low, but well-structured programs involving education and directly observed therapy can improve rates of completion of treatment for both conditions (Camins et al., 1996). Recent guidelines from the CDC and the American Thoracic Society strongly recommend treatment for latent infection (ACT/CDC, 2000b).
In sum, the committee believes that the 1997 estimates of cases of active tuberculosis that a rule will avert are overstated on three grounds. First, the estimate is inconsistent with reported data on tuberculosis cases by occupation. Second, the rate of progression from infection to active disease is likely lower than traditionally cited. Third, the estimate of infection levels to which the progression rate is applied is too high. One committee member disagreed with this general assessment. That member argued that the validity and reliability of CDC’s own data on tuberculosis case rates by occupation are questionable and that the 10 percent progression figure is reasonable since it continues to be cited by CDC.
In the 1997 proposed rule, OSHA estimated that the proposed rule would prevent between 115 and 136 tuberculosis-related deaths among covered workers each year. (It also estimated that the rule would also avert 23 to 54 additional deaths among family and other contacts of workers.) The committee concludes that the mortality estimates are overstated. First, as discussed above, the committee believes that the estimates of number of tuberculosis cases that would be averted by a standard are too high. Second, the estimated mortality rate used in the assessment does not take into account demographic factors or the effects of treatment.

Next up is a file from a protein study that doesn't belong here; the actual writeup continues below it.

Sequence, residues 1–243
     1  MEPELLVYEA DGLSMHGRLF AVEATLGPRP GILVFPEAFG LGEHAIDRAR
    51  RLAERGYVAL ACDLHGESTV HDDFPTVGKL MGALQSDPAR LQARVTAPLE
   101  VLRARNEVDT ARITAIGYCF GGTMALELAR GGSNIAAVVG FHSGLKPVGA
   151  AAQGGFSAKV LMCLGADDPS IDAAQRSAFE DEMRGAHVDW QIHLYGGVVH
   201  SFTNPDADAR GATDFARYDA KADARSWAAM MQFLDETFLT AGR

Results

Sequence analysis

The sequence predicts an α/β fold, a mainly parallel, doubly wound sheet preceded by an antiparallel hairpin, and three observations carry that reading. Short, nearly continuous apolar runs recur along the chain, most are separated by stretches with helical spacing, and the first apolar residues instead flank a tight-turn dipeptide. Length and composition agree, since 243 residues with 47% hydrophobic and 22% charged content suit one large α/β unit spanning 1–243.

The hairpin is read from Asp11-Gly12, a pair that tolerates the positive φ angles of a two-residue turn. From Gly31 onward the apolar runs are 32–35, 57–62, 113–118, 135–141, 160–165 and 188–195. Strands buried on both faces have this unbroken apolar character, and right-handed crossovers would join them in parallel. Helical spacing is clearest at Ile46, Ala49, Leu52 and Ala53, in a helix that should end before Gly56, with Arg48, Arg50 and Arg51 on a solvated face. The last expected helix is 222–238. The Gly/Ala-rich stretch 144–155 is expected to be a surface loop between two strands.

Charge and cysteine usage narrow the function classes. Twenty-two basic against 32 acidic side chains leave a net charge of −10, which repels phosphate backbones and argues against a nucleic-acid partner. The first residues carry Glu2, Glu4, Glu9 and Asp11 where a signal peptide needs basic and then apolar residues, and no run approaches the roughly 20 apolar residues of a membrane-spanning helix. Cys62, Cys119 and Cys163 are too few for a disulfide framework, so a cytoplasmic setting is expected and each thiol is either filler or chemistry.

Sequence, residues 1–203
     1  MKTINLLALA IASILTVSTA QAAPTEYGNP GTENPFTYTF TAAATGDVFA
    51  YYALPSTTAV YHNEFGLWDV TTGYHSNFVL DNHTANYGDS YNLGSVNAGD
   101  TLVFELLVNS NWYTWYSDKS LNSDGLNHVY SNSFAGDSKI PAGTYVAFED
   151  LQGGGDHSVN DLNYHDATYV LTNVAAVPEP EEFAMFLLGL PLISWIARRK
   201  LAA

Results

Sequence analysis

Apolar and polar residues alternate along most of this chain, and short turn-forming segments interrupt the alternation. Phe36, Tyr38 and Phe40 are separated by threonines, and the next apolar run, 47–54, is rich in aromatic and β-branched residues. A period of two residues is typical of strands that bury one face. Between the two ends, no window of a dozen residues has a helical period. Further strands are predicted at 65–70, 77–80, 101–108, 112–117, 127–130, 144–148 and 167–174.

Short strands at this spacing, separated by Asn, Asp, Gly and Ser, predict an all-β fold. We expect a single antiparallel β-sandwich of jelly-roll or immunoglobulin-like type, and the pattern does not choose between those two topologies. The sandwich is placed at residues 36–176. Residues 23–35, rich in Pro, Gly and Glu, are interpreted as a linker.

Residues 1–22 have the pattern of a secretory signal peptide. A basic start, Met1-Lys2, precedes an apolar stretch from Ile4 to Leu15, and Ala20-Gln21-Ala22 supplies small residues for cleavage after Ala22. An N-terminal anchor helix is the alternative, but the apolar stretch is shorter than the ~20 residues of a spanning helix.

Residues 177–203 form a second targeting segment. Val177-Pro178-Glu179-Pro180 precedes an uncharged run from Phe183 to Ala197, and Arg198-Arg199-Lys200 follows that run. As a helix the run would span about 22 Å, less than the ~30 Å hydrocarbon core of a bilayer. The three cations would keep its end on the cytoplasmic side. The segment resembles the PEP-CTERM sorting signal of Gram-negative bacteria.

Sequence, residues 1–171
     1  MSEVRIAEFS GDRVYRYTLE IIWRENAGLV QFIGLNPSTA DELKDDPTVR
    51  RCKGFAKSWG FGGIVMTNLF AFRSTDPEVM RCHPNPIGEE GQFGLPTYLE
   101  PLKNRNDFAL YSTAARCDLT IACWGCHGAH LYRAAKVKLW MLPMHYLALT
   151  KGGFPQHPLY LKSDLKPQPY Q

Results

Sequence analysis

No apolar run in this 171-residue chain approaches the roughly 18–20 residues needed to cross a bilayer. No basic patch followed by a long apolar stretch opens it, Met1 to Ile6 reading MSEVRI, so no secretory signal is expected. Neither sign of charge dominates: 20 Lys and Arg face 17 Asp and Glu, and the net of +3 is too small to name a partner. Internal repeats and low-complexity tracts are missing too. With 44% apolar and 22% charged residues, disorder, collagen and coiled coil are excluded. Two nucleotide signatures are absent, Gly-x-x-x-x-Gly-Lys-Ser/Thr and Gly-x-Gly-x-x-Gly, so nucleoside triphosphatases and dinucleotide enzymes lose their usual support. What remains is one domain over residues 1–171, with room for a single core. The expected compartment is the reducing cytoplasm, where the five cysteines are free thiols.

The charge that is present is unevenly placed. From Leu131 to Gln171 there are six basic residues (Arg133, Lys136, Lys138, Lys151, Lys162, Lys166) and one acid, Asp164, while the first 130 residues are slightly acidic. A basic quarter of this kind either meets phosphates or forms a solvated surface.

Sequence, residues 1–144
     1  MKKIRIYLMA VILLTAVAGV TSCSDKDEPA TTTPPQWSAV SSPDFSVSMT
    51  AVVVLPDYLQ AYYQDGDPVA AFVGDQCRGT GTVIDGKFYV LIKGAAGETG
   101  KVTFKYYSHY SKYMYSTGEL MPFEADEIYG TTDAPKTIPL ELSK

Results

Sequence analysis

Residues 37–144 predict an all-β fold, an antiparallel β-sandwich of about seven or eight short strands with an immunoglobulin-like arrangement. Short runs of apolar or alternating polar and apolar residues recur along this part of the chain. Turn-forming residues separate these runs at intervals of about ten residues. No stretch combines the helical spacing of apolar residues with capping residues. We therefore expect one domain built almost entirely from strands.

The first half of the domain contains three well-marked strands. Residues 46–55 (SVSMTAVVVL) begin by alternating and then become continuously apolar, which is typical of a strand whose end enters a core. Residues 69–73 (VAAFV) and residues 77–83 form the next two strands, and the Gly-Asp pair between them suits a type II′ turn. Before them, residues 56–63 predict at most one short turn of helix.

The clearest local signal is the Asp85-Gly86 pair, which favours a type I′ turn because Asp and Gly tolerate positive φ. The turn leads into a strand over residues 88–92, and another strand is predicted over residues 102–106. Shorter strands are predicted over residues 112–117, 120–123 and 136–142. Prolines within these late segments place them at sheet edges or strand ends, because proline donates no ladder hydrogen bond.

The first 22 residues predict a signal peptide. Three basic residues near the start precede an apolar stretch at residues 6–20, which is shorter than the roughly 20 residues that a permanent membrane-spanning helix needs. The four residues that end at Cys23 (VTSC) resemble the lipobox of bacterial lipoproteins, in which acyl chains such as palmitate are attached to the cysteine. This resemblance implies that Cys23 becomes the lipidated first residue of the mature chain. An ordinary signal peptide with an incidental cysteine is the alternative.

In the 1997 proposed rule, OSHA estimated that 7.8 percent of all active tuberculosis cases among workers would end in death. It based the estimate on the 3-year average of mortality data reported by CDC for 1989 to 1991 (62 FR 201 at 54207). (More recent CDC surveillance reports apparently include revised numbers for tuberculosis cases and deaths for these years. Based on these numbers, the average case death rate for 1989– 1991 is 7.3 percent.) Case mortality rates reported by CDC for recent years are lower: 6.0 percent in 1998, 5.9 percent in 1997, and 5.6 percent in 1996 (CDC, 2000b). (Population mortality rates dropped from 0.8 per 100,000 population in 1989 to 0.6 in 1994 to 0.4 in 1998.) Thus, use of revised and recent tuberculosis case mortality data would reduce the OSHA estimates.
More important, estimates of deaths among health care and other workers should take into account the effects of treatment. The majority of deaths due to tuberculosis occur in individuals in whom the disease is first recognized after death, meaning that their disease was not being treated (Rieder et al., 1991). In addition, the majority of cases of tuberculosis occur among unemployed individuals (CDC, 2000b). Such individuals